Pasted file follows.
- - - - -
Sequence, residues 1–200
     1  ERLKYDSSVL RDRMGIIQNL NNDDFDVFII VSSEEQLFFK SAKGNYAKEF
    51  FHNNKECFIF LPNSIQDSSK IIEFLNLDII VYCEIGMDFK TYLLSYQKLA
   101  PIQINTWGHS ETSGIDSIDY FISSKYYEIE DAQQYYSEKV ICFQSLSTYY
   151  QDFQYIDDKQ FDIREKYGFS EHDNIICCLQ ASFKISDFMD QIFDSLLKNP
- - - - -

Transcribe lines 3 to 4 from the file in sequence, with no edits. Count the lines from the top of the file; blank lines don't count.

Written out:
    51  FHNNKECFIF LPNSIQDSSK IIEFLNLDII VYCEIGMDFK TYLLSYQKLA
   101  PIQINTWGHS ETSGIDSIDY FISSKYYEIE DAQQYYSEKV ICFQSLSTYY